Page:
How the industry will pan out in the long run is beside the pointÂ for charging technology startups that see enough demand from stakeholders to be able to grow in markets where EV adoption is increasing. Letâ€™s look atÂ seven startups across the globe that are approaching the demand for public charging networks with a diverseÂ set of business models (list courtesy of CB Insights).
Founded in 2010, San Francisco startup Volta Charging has raised $62.3 millionÂ to build a charging network that targets retail establishments. Volta offers free installation and free charging to hosting venues that meet its requirements and is wholly dependent on advertising revenues.
The company claims their chargers are the most highly utilized in the industry, used during 80% of retail hours. According to Volta, the stations drive a 70% increase in EV-driving customers, and 68% of customers who drive traditional cars consider going electric after seeing a Volta station (whatever that means). The startup currently has 741 chargers in operation across various metropolitan areas in the U.S.
Founded in 2014, San Leandro, California startup FreeWire Technologies has raised $30.2 millionÂ from investors like BP, Volvo, and Macquarie Bank to develop a mobile Level 2 EV charger, a Level 3 EV charge point, and an electric generator to replace traditional, diesel-fueled generators. The startup targets EV fleet owners, corporate campuses, utility companies, and entertainment venues with its products and helps future operators with optimal placement and quick installation. The software that comes with the charging stations tracks energy usage and measures sustainability benefits for the operators as well.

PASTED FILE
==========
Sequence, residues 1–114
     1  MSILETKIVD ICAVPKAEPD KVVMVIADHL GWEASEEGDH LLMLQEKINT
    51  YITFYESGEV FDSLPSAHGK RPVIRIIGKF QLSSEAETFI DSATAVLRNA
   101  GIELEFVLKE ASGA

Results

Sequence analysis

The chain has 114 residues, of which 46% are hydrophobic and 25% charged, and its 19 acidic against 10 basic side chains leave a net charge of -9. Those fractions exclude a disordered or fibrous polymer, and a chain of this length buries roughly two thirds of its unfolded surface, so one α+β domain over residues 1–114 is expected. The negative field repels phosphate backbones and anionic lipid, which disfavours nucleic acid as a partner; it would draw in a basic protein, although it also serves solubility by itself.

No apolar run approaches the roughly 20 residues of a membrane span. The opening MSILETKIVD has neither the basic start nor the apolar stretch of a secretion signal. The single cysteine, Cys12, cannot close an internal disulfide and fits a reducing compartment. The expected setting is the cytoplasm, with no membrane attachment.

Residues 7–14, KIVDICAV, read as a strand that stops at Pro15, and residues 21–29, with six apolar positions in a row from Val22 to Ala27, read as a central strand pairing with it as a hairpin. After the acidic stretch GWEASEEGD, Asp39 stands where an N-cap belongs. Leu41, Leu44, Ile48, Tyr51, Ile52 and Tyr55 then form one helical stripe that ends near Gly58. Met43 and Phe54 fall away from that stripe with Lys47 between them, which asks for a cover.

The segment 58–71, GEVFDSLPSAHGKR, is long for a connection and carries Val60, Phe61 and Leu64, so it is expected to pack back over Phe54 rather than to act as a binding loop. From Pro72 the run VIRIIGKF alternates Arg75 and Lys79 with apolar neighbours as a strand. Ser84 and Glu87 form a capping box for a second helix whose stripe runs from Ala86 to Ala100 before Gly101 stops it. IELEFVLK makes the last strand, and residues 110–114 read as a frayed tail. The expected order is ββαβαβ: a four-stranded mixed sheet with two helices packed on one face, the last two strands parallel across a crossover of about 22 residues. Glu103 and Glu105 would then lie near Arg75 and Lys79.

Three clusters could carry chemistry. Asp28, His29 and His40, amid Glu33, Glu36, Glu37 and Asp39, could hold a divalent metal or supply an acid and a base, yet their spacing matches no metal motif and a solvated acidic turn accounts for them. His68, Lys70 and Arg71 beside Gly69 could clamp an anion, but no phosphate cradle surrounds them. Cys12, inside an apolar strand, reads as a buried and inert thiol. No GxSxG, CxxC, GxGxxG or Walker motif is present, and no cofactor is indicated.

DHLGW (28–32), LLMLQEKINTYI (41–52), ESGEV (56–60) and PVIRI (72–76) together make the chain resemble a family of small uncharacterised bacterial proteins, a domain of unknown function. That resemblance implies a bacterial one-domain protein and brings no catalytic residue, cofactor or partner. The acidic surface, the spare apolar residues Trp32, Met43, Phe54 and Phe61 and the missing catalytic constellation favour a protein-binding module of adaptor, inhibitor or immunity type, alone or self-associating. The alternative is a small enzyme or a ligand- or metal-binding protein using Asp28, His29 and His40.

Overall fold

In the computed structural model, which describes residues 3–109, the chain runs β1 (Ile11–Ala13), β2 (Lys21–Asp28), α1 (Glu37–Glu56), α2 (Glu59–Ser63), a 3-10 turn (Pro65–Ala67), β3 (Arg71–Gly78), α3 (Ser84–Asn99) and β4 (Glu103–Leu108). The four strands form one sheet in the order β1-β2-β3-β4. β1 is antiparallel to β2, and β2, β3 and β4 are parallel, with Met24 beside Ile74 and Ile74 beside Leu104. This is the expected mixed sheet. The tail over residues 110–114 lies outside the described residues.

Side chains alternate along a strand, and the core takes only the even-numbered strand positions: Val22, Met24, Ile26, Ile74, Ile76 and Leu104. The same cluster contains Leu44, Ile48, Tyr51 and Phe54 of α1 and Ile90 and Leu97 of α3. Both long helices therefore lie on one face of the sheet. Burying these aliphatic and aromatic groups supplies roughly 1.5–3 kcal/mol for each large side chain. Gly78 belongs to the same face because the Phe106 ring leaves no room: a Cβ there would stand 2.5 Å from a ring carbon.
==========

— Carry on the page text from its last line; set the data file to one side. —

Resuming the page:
Founded in 2015, Stowmarket, UK startup EO Charging has raised $16.4 millionÂ to develop a range of home, fleet, and public EV chargers. The Level 1 and 2 chargers are compatible with all brands and cost between $380-$1850. EO offers a charging-as-a-service business model as well for public providers, where the startup retains ownership of the equipment and takes care of all necessary upgrades and civil works in return for a fee of $2.5 per charger per day under a 5-to-10-year contract. The company has partnered with the Suffolk County Council and renewable energy provider Bulb to deploy the UKâ€™s first fully public pay-as-you-go network in Suffolk that will consist of 400 chargers across 100 key locations.